Locos owner committed for long haul

It wasn’t Bill Hambrecht’s idea to have his name attached to the United Football League’s championship trophy.

The league itself? He’ll take some credit for that.

The investment banker from the Bay Area who owns the Locomotives said he believes the UFL, which kicks off its second season Saturday, will do what the old United States Football League couldn’t — be fiscally responsible and ultimately carve out a niche in the American sports landscape.

“It’s a long journey,” Hambrecht said. “That’s my philosophy with the UFL. Stay patient. Build the product and grow the fan base. It took the American Football League nine or 10 years to make it. We’re committed to (the UFL) for the long haul.”

His initial investment was $2 million in 2007, when he and other wealthy businessmen decided to launch another pro football league. The idea wasn’t to compete with the NFL but rather to complement it.

“There’s a lot of very good football players out there who could play in the NFL but, for one reason or another, don’t get the chance,” said Hambrecht, a reserve tight end during his collegiate days at Princeton. “We think we’re putting a good product on the field, and the challenge is to continue to build that product while developing a larger fan base.”

When the USFL was in existence in the mid-1980s, Hambrecht was a minority investor in the Oakland Invaders. His franchise competed well on the field, did well at the turnstiles and, playing in the spring, gave football fans in the Bay Area something to watch until the 49ers began their NFL season in September.

But when Donald Trump, the owner of the New Jersey Generals, pushed to move the USFL season to the fall and take the NFL head-on, the league quickly died. Hambrecht never forgot the lesson of the USFL’s demise.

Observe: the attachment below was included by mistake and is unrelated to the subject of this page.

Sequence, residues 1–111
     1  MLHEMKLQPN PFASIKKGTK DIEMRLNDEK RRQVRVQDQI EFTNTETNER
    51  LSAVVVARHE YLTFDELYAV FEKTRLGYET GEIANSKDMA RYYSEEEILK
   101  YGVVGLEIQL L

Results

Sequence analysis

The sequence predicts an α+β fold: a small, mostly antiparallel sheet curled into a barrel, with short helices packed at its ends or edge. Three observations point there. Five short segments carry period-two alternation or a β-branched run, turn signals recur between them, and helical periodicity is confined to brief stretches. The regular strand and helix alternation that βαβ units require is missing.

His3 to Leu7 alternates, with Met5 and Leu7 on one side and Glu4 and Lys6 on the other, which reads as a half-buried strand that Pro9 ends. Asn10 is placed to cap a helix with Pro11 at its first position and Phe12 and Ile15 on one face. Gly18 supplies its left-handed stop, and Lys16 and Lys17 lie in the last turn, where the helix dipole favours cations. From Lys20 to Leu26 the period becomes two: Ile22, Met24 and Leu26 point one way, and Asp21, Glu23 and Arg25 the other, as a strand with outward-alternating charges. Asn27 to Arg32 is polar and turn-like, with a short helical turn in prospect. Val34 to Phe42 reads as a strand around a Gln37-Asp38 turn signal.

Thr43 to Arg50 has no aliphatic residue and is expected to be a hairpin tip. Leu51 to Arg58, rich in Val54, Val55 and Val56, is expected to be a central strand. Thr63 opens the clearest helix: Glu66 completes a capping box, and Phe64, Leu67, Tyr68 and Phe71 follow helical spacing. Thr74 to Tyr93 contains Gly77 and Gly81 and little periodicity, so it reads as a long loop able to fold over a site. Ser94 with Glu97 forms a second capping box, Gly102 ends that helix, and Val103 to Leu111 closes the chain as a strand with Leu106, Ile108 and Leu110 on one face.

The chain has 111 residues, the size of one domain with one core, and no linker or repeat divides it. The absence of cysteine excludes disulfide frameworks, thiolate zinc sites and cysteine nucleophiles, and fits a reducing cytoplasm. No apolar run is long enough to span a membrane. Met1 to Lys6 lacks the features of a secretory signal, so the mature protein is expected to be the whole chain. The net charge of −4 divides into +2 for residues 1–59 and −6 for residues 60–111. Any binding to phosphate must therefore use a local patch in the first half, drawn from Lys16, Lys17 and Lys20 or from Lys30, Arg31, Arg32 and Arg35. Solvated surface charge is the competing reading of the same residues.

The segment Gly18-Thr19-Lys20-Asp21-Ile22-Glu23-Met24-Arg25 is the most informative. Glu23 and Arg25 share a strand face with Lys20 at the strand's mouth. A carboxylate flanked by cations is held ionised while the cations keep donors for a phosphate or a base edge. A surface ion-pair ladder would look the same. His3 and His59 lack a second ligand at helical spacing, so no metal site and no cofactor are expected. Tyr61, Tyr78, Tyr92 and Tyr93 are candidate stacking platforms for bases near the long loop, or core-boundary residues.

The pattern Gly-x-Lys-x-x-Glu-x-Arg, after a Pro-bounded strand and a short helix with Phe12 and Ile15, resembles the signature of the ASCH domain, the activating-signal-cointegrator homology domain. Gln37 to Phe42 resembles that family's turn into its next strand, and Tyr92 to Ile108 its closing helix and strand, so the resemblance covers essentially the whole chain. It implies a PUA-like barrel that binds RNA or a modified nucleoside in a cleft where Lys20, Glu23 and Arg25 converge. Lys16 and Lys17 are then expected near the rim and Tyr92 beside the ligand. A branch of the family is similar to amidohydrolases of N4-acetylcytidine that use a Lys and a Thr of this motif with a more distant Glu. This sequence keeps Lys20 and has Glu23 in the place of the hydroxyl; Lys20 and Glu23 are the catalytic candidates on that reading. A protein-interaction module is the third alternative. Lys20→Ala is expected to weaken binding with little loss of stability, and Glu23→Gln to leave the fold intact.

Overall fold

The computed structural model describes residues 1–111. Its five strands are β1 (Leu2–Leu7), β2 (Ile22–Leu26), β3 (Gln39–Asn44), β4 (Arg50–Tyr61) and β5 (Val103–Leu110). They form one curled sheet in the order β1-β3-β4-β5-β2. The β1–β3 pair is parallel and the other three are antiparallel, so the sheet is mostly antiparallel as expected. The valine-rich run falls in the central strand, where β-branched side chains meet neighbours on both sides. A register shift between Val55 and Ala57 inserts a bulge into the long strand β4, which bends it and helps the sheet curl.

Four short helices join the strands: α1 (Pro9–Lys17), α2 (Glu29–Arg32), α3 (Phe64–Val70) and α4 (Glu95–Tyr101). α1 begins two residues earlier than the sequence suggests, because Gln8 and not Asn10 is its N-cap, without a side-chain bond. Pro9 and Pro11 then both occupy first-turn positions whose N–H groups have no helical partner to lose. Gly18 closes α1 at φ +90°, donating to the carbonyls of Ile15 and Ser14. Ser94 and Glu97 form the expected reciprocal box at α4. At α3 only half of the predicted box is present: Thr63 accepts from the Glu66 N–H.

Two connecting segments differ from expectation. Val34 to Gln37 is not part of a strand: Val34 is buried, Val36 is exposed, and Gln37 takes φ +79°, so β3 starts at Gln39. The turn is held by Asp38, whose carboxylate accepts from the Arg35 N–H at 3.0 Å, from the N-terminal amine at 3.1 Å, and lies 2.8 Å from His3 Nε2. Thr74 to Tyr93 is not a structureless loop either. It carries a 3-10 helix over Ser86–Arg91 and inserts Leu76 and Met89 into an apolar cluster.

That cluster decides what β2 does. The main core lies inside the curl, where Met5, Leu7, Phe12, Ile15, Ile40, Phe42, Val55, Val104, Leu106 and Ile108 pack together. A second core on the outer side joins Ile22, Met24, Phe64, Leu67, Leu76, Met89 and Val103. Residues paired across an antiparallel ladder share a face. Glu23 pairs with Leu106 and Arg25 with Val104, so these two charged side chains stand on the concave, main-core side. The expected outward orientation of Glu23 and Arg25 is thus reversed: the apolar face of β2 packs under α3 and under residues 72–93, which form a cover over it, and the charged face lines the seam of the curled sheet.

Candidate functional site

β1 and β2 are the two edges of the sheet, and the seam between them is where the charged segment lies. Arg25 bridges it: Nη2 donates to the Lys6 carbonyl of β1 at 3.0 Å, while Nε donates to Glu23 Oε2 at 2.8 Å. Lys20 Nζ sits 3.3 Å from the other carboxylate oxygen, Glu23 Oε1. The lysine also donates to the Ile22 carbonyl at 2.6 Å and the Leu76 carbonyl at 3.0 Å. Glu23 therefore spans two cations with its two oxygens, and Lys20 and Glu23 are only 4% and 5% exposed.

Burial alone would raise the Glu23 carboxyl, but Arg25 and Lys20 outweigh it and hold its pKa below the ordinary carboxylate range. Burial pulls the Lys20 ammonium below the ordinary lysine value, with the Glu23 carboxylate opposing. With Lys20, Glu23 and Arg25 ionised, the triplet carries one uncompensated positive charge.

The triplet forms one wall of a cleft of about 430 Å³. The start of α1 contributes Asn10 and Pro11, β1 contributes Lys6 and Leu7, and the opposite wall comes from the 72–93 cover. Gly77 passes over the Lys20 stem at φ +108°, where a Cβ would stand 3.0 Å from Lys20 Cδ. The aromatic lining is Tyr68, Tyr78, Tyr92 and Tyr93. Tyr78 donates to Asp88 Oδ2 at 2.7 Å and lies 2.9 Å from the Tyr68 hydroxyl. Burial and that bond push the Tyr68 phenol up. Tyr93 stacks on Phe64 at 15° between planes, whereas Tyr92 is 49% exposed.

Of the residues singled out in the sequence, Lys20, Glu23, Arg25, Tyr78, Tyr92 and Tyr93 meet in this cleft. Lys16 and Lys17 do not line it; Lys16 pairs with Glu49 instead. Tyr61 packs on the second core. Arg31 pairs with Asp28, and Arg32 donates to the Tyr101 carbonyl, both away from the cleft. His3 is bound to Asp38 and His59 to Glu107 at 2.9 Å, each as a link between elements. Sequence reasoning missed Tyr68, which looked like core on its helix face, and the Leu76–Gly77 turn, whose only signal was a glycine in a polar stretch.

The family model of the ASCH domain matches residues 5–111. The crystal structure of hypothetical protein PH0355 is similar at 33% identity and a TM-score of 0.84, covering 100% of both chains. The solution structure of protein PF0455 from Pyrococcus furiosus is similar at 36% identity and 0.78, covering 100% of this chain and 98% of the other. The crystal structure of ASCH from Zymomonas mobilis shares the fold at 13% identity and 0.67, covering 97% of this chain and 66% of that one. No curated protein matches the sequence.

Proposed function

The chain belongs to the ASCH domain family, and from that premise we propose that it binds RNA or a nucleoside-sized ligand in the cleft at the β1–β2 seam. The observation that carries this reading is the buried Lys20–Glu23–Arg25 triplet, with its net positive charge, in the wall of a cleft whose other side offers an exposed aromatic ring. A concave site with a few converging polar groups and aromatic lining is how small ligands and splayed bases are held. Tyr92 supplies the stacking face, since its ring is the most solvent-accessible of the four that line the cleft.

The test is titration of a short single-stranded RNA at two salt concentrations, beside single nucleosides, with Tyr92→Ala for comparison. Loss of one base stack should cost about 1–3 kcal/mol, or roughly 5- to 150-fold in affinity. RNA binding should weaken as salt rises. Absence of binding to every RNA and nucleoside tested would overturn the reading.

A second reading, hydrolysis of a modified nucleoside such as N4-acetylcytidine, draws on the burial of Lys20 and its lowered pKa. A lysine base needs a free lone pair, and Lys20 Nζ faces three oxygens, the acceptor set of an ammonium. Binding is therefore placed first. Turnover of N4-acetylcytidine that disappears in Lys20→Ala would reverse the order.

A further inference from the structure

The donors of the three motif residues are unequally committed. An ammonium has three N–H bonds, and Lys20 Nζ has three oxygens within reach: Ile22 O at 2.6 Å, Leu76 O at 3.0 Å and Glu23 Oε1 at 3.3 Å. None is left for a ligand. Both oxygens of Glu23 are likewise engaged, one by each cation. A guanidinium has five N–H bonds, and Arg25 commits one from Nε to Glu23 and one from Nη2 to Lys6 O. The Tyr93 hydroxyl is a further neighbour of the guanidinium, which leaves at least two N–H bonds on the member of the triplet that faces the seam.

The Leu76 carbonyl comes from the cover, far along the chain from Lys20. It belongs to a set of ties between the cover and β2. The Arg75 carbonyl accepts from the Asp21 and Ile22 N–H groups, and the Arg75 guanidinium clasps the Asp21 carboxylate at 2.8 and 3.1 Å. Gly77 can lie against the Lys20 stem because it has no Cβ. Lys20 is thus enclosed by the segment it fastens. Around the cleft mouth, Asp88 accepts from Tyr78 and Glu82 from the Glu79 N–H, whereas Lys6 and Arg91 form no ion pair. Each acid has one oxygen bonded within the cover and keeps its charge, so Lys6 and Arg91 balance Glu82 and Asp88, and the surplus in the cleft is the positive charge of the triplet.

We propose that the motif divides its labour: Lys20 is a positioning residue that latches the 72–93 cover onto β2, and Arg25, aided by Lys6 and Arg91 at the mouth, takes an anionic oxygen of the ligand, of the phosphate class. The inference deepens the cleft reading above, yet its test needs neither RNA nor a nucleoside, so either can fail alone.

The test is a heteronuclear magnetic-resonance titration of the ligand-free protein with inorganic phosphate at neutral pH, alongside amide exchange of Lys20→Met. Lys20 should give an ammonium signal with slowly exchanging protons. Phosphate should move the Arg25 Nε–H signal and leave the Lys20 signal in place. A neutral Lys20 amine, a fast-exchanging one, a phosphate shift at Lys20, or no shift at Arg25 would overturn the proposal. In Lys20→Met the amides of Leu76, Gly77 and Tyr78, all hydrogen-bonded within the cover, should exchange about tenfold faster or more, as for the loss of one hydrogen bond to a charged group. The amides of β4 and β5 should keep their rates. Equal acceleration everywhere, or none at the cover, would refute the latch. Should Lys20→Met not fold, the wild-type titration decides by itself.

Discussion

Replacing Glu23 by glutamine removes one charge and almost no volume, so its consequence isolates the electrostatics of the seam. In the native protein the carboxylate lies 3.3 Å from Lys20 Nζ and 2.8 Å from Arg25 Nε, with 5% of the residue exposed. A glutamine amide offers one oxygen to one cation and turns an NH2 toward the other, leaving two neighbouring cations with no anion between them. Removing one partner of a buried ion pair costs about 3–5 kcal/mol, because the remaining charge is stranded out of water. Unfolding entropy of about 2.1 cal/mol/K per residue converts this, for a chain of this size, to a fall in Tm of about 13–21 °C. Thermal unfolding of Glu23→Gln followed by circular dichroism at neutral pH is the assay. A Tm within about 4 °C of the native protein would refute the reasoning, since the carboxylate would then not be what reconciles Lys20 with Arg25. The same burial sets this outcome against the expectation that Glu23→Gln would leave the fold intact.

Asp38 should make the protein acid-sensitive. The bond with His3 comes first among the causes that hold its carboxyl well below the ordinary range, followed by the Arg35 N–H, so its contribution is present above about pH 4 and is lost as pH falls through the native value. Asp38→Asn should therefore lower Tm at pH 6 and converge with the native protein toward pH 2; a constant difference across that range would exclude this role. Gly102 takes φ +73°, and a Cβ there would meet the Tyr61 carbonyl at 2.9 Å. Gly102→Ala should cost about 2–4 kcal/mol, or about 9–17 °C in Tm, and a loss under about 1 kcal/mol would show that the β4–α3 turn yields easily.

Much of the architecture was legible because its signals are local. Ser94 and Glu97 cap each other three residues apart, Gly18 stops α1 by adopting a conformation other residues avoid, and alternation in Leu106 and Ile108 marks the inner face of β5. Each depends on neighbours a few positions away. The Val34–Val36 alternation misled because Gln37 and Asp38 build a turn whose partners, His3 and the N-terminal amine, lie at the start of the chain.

“It was learning about what not to do,” Hambrecht said. “Had we stayed with the original concept, I have no doubt the USFL would have succeeded. But Donald Trump decided he wanted to do things his own way, and it ultimately led to the end of the USFL.

“I think we have a solid business plan in place for the UFL. We’re not going to compete with the NFL. We’re our own league, and as long as we remain patient, we think it will work.”

UFL commissioner Michael Huyghue said the league lost $10 million last year, though some reports claim the losses to be as high as $30 million. The UFL also had to relocate two of its inaugural four franchises — San Francisco to Sacramento, Calif., and New York to Hartford, Conn. Hambrecht knew it would not operate in the black at the outset, but he said he believes the league can become a credible entity among American sports fans.

“This league is about good football,” he said. “Anyone who is exposed to our product can see that. It’s also affordable, and I think a lot of the markets we’re in are embracing that. Omaha has had good response. So has Sacramento. Hartford is picking up. And in Las Vegas, we’re very pleased with the early response for Saturday.”

As of Thursday, the Locos had more than 12,000 tickets distributed for Saturday’s opener against Florida at Sam Boyd Stadium.

The UFL hopes for an attendance of 20,000.

Hambrecht will be there, and he said he believes his team can continue to lead the UFL — on the field and at the gate. Las Vegas led the UFL in average attendance last year with 13,125 per home game.

“When they offered me a city, I wanted Las Vegas,” Hambrecht said. “I had seen the growth over the past two decades, and they have supported their teams in the past, even if the leagues themselves didn’t make it.

“We’ve got great players, a great coach and general manager in Jim Fassel, and a foundation has been established for long-term success. We have our own facility. We’ve stepped up our marketing efforts considerably in the community. I believe in Las Vegas, and we want to do everything we can to succeed here.”

As for the Bill Hambrecht Trophy, the man for whom it is named said the honor caught him off-guard.

“That was Michael’s idea,” he said of Huyghue. “To be honest, I was a little embarrassed. But winning the first championship was pretty special, and, as I told the players and the coaches, ‘You were the ones who won, not me.’ I’m just hoping we can do it again this November.”

Contact reporter Steve Carp at scarp@reviewjournal.com or 702-387-2913.

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